|Oct. 6||The War of 1812||1.President
Madison's War Message
2. The Hunters of Kentucky
3. Johnny Horton: Battle of New Orleans
The Hartford Convention
|Week VIII||Oct. 9||The New Nationalism||
|Oct. 11||The Market Economy||--------------------||Davidson, 9&10|
|Oct. 13||Jacksonian Democracy||----------------|| Davidson, 11
Andrew Jackson's Bank Veto
|Week IX||Oct. 16||The Whig Opposition and the Second American Party System||The Log Cabin Campaign|| Davidson, 11
Henry Clay Responds to the Bank Veto
|Oct. 18||Manifest Destiny & Indian Removal||
2.Andrew Jackson Supports Removal
3.A Cherokee Letter of Protest
4.Trail of Tears Map
|Oct. 20||EXAMINATION #3||
Lectures and Required
Readings: Oct. 2-18
|Week X||Oct. 23||A Woman's Place||Seneca Falls Declaration||Davidson, 12|
|Oct. 25||The Age of Reform||-------------||Davidson, 12|
John Brown I
|Week XI||Oct. 30||Slavery Attacked: Abolitionism||William Lloyd Garrison||
Constitution of the American Antislavery Society, 1833
The Identity of the Old South:
The Peculiar Institution
LAST DAY TO
| Davidson, 13
2.Runaway Reward Notice (1835)
1.Slave Narratives-- UNC
2.David Walker's Appeal, 1829
3. Frederick Douglass: "The Meaning of July 4th",1852
MAKE-UP DAY DEC. 6
| Davidson, 13
George Fitzhugh on Slavery
|EXAMINATION #4||Lectures and Required Readings: Oct. 23-Nov. 6||--------------|
The Missouri Crisis
|Map of the Missouri Compromise||Davidson, 10|
|Week XIII||Nov. 13||
Nullification (From "The Defects of the Confederation" through "I consider then;" from "On such expositions" through "because it would be a solecism.")
The Annexation of Texas and the War against Mexico
JUST 3 WEEKS TO MAKE-UP DAY DEC. 6th
|Map of the Texas Republic|| Davidson, 14
1.The Inaugural Address of
James K. Polk
2.The Annexation of Texas
The Slavery Extension Issue and the Election of 1848
|The Wilmot Proviso||
|Week XIV||Nov. 20||Compromise and Chaos||
Compromise of 1850
2.John C. Calhoun on the Compromise of 1850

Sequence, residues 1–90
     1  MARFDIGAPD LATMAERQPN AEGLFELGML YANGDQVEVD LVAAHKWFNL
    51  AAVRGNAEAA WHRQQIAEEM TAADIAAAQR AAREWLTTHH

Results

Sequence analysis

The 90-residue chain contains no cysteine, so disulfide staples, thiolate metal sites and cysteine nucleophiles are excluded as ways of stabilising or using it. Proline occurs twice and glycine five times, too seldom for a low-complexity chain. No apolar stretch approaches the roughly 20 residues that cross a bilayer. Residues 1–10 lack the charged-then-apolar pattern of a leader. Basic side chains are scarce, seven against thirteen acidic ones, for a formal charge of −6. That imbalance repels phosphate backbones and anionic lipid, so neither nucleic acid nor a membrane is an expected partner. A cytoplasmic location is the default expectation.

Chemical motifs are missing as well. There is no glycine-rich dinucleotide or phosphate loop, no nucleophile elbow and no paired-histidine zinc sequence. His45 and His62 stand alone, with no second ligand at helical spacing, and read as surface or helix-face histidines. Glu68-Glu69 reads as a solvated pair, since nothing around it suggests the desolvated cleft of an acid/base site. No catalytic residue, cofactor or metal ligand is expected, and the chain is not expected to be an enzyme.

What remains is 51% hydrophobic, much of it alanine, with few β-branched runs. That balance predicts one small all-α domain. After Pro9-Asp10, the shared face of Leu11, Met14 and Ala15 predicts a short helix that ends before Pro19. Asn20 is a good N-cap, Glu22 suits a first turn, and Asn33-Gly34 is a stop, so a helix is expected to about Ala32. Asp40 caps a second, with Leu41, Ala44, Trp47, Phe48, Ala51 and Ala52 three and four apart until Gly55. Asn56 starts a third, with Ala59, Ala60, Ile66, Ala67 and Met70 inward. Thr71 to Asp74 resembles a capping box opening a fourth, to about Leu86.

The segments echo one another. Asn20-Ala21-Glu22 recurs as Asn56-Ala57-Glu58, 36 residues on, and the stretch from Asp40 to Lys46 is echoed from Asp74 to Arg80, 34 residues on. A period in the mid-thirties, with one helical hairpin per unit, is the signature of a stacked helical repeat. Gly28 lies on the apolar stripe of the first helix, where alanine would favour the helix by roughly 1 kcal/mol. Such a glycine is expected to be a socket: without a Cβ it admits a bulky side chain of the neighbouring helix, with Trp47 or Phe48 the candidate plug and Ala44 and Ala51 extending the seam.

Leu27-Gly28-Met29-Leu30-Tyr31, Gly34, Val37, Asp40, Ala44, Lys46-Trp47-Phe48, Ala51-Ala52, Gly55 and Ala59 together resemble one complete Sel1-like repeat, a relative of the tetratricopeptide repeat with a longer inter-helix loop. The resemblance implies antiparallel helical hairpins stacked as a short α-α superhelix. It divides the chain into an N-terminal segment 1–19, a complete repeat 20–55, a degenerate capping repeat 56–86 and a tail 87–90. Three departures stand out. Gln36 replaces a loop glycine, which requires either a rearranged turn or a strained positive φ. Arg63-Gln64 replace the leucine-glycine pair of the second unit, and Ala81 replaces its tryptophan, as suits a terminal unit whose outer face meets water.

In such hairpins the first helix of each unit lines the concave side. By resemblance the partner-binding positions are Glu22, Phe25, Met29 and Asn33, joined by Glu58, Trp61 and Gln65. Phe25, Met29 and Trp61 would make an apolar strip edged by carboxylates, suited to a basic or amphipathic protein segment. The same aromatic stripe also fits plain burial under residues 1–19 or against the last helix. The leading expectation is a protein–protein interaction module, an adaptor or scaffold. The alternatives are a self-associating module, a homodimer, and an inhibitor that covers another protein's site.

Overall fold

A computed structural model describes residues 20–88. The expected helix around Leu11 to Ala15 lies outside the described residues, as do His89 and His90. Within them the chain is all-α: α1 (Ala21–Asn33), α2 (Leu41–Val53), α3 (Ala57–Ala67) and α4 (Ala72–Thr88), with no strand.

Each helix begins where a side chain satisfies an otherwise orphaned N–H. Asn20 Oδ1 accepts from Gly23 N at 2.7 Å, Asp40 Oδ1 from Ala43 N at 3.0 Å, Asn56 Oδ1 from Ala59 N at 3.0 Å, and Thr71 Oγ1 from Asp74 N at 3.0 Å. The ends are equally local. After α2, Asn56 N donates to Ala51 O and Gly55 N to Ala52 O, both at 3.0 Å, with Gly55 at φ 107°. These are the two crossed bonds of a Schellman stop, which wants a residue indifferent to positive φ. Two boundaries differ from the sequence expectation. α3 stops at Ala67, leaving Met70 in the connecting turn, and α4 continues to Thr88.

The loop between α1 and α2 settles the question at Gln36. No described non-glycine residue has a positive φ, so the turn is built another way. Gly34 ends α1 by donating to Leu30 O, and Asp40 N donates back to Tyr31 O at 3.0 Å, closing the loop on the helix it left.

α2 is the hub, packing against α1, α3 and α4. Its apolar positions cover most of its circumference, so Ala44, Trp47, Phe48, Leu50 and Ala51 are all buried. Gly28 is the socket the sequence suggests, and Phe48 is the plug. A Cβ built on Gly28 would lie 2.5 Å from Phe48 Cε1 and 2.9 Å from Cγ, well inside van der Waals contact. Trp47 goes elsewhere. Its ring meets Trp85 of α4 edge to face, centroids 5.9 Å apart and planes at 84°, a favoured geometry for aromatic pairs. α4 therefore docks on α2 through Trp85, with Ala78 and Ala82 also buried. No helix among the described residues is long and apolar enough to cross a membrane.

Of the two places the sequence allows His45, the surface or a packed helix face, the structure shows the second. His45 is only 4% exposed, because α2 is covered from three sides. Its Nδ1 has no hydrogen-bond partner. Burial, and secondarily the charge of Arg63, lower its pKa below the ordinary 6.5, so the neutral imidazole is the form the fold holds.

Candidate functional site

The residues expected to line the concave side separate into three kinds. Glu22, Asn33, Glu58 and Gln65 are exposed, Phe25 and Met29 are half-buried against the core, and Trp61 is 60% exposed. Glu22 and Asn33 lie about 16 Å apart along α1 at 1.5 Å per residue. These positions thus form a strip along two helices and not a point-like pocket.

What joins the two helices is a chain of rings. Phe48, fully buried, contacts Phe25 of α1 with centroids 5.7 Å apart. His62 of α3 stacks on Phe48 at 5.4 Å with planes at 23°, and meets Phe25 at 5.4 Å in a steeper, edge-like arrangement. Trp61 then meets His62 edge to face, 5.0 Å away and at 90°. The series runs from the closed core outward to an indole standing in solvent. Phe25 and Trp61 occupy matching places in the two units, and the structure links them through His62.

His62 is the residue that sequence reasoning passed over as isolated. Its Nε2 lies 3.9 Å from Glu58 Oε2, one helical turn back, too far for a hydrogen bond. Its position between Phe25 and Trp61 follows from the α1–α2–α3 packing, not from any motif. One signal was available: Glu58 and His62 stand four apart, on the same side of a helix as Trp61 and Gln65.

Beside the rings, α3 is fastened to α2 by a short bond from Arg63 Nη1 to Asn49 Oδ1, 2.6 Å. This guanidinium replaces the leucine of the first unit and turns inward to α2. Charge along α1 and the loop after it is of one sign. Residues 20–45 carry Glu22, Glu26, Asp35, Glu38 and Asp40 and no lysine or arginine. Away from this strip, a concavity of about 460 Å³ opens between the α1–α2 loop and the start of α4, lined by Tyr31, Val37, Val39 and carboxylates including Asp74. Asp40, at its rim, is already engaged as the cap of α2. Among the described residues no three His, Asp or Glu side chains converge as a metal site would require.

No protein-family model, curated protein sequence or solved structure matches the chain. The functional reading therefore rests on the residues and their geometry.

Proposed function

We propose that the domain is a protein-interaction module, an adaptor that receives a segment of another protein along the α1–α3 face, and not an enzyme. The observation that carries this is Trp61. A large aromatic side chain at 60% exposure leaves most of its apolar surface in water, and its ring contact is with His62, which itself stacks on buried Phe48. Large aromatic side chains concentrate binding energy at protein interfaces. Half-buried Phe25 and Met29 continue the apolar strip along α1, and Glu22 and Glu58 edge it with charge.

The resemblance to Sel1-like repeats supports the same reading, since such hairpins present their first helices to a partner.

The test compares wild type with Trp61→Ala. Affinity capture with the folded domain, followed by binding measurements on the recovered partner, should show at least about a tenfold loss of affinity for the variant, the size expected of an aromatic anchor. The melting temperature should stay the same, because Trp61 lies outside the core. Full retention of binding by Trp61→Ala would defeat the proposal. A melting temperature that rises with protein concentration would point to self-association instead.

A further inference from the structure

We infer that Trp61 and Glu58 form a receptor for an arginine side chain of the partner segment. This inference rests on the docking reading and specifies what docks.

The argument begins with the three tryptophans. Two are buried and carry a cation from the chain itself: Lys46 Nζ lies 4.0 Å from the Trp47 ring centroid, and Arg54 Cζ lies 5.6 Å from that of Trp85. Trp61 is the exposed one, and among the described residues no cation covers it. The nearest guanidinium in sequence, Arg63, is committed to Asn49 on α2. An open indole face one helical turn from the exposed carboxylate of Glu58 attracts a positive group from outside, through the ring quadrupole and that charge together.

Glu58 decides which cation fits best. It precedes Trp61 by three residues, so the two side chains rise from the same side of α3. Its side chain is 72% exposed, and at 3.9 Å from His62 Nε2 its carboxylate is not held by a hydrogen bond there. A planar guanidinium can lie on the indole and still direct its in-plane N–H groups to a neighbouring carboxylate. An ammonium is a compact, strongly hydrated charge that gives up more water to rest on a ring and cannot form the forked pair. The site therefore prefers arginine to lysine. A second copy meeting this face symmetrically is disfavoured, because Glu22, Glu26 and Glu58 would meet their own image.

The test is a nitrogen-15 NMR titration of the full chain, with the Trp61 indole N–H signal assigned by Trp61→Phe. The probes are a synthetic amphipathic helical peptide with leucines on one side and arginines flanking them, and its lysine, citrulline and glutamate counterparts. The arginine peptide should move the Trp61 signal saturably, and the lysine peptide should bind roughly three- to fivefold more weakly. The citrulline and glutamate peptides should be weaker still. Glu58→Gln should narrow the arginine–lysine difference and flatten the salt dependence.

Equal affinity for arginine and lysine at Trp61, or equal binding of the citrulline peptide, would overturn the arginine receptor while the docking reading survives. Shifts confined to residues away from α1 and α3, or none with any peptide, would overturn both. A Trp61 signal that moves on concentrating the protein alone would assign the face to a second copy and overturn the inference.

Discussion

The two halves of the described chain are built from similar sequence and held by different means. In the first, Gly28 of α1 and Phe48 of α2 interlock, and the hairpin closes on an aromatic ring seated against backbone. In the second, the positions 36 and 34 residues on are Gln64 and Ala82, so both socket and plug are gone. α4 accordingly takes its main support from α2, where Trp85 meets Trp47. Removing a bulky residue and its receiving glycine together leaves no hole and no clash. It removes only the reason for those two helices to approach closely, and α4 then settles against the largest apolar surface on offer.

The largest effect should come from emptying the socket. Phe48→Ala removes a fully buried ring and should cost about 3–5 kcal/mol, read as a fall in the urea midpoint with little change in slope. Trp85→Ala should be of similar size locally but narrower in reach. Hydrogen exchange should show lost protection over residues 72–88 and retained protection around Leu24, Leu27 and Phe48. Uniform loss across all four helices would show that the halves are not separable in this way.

3.The Crisis of 1850 (cartoon)
The Fugitive Slave Act of 1850
|Nov. 22||-----------------||-----NO CLASS----- THANKSGIVING||-------------|
|Week XV||Nov. 27||
The Birth of the Republican Party
JUST 1 WEEK TO- --MAKE-UP DAY--DEC. 6th 121 Science Hall
1.The Republican Platform of 1856
2.Charles Sumner's Canning, (painting)
3.Charles Sumner on Kansas
Road to Disunion: Dred Scott &
1.The Dred Scott
2.Lincoln's House Divided Speech
3.The Irrepressible Conflict, William Seward, 1858
|Dec. 1||John Brown II||---------------||------------------|
|Week XVI||Dec. 4||John Brown's Raid & The Election of Abraham Lincoln||
Brown in Court
2.The Republican Platform of 1860
| Davidson, 15
The Southern Insurrection & The War for the Union
MAKE-UP ALL EXAMS -
*--*--*--*-1PM-6PM!! 121 Science Hall
Charleston Mercury, Feb. 28, 1860
2.The Texas Ordinance of Secession
3.Abraham Lincoln's Second Inaugural Address
SIGNATURE ASSIGNMENT TO BE COLLECTED (see below for desciption)
| Davidson, 15
Platform of 1860
Platform of 1860
3.N.Y. Legislature on Secession, Jan., 1861
4.Abraham Lincoln's First Inaugural Address
5.Abraham Lincoln's Abraham First Inauguration (photograph)
6.Songs of the Civil War
Lectures and Required Readings: Nov. 10-Dec. 6
SECTION 3 (MWF
MONDAY---DECEMBER 11---8AM-10:30AM 116UH
SECTION 4 (MWF 11-11:50)
WEDNESDAY--DECEMBER 13--11AM-1:30PM 116UH
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Regular attendance is STRONGLY recommended. Though regular attendance does not guarantee success in the class, STUDENTS CANNOT DO WELL WITHOUT ATTENDING EVERY LECTURE. Students who miss a class meeting should get notes for the class they miss from a fellow student. If they have any questions about the notes they receive, they should feel free to ask for clarification from the professor. The professor cannot give out class notes.